October 4, 2010
Indy Author Fair

“A little of the good brown earth of Indiana, and some of the air above it, have made, if not a Shakespeare, yet certainly a group, or succession, of poets and prose-writers entirely disproportionate in fame and numbers to the size and population of the State. The phenomenon is one to excite curiosity.”


So begins an article from a 1902 edition of The New York Times, in which “Indiana and Her Famous Authors” are commended for being a beacon of literary light during a time when the state was often overlooked as a place of great learning… or of great anything.  It was the turn of the century, and Lew Wallace’s Ben Hur had been a mainstay on bookshelves for over 20 years, James Whitcomb Riley (the Hoosier Poet) was a household name, and Booth Tarkington had penned a bestseller in The Gentleman from Indiana (years before The Magnificent Ambersons would win a Pulitzer Prize).

Sure, Indiana may have gotten a bad rap thanks to its own native author Kurt Vonnegut Jr., who would later help the nation coin the phrase “India-no-place,” but The New York Times (and later Mr. Vonnegut) was certainly on to something, and today, just like in 1902, Indiana is a place where talented budding and internationally recognized authors have honed their craft. But as a lover of the humanities, you probably already knew that.

Several years ago, Hoosier philanthropists and booklovers Eugene & Marilyn Glick also recognized our state’s deep pool of writing talent and dreamed of an award that would celebrate Indiana’s great literary tradition. And now, thanks to their support and vision, the Eugene & Marilyn Glick Indiana Authors Award is comfortably finding its groove in its second year as a statewide program of the Indianapolis-Marion County Public Library Foundation. The Award seeks to recognize the contributions of Indiana authors to the literary landscape in Indiana and across the nation.

As part of the 2010 Eugene & Marilyn Glick Indiana Authors Award celebration, writers and booklovers of all ages are invited to participate in the second-annual Indy Author Fair, a full day of free, public activities including the opportunity to meet and greet dozens of Indiana authors on Oct. 9, 2010 at Indianapolis’ Central Library. The day will include writing and publishing programs, one-on-one conversations, and book sales and signings with local, regional and national authors, all with Indiana ties.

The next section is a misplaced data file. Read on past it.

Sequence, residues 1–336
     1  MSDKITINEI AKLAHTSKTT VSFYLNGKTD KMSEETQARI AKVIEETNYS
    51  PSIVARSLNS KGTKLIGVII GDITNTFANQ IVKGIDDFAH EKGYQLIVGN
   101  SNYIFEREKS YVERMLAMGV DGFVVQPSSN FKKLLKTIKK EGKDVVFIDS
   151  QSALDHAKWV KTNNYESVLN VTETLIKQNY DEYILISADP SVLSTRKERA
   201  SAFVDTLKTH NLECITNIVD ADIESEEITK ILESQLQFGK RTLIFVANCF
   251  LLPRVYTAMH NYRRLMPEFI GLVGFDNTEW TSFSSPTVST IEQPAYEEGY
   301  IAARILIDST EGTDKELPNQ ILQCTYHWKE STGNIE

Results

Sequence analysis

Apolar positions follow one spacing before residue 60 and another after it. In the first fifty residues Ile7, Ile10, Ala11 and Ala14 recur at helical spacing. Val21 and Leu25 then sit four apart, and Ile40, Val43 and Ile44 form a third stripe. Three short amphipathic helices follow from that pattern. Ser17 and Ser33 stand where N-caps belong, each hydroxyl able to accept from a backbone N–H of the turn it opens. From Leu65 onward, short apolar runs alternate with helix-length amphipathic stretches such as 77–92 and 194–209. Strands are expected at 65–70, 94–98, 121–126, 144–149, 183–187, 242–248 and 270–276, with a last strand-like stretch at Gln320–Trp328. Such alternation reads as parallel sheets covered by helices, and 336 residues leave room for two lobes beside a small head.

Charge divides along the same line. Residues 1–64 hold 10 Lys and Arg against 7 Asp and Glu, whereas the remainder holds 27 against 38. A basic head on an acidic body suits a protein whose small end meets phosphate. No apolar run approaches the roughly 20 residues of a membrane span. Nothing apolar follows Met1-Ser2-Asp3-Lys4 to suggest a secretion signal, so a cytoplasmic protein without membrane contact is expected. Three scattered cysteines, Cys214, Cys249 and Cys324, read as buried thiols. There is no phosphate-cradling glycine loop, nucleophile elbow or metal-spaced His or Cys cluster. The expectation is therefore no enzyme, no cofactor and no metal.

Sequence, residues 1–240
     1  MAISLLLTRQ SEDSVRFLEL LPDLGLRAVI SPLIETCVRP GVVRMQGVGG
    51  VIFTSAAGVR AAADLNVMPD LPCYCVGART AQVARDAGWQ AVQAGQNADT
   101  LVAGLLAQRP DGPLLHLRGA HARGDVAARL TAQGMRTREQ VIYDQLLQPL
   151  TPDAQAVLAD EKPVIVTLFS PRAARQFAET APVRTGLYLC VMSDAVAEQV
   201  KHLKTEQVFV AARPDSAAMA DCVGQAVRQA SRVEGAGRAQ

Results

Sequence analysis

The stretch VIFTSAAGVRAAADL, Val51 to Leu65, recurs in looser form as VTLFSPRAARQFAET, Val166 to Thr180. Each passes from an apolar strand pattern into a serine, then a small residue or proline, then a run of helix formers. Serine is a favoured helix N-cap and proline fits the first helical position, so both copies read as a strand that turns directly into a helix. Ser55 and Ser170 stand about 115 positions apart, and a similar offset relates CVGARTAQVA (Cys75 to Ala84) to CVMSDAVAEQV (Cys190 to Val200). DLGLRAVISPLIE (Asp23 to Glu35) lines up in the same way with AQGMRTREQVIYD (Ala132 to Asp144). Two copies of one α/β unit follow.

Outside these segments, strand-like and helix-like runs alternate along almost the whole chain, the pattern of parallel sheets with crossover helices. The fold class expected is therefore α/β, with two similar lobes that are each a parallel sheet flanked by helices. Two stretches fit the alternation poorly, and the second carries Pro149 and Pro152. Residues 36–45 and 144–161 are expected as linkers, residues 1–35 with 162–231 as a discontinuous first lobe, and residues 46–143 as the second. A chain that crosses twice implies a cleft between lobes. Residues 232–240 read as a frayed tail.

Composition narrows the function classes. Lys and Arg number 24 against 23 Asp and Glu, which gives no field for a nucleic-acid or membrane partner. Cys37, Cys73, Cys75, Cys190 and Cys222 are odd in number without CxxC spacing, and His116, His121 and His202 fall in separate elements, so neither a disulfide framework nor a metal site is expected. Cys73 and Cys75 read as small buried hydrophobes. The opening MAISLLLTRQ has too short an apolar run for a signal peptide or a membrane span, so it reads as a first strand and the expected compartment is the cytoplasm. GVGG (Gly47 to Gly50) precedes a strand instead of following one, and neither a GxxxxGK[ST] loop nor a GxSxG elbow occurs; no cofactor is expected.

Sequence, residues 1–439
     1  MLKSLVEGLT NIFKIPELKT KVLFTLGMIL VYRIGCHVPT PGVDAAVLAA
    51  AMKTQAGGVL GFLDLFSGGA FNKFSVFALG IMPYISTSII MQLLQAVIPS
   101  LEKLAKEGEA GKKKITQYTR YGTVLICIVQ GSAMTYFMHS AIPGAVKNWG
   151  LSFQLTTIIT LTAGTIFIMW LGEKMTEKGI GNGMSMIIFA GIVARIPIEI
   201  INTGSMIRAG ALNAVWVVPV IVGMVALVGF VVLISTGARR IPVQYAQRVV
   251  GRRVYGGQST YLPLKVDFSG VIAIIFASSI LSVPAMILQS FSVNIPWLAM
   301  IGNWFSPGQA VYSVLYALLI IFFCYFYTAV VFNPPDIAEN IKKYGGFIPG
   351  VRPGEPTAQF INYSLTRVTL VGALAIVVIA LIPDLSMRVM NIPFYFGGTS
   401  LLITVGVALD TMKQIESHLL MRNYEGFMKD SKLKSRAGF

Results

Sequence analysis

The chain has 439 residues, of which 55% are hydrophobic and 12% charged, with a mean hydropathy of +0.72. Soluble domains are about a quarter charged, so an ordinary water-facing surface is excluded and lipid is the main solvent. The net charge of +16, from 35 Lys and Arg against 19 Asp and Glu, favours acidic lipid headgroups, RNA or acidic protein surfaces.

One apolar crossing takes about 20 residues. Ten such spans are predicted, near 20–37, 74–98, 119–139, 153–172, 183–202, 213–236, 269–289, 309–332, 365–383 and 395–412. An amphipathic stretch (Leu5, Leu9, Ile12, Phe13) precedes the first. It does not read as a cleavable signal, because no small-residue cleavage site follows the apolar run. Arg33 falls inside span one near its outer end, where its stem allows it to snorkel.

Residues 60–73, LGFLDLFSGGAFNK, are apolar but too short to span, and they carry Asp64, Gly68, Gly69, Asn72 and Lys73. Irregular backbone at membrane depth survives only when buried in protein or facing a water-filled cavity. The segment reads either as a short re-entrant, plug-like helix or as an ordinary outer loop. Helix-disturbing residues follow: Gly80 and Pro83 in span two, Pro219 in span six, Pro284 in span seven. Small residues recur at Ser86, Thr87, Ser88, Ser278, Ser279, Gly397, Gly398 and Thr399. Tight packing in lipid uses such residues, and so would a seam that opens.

Scott Russell Sanders


You’ll have a chance to hear from this year’s seven amazing Indiana Authors Award honorees (including Pulitzer Prize-winning writer Scott Russell Sanders), and if you’ve ever thought about writing a book, or if you’ve been anxiously waiting to publish your 500-page tome of poetic verse, mark you calendar now. Presenters from The Writers’ Center of Indiana will explain the basics of publishing and marketing your book, and bestselling author (and 2009 Indiana Authors Award National Author winner) James Alexander Thom will guide you step-by-step through the process of researching and writing historical fiction.

The Indiana Humanities Council will be there as well, presenting information about its fabulous Novel Conversations program, where book clubs across the state can find a complete lending library of titles for next month’s discussion.

Teens and young adults will also find something for them as they try their hand at publishing, illustrating and even screenwriting.

A complete line-up of the day’s FREE events and information about our presenting authors and organizations are available on the Indiana Authors Award Web site, http://www.indianaauthorsaward.org/.

We hope to see you there as we celebrate Indiana’s famous authors and inspire those of the next generation.

This post was written by Emily Berger, Annual Fund Coordinator at the Indianapolis-Marion County Public Library Foundation.

Posted In: Miscellaneous

One response to “Indy Author Fair”

  1. C. Byron Buckley says:

    Emily, You put your heart,soul, and sweat into making the Author Fair a success. Thank you very much, C. Byron Buckley

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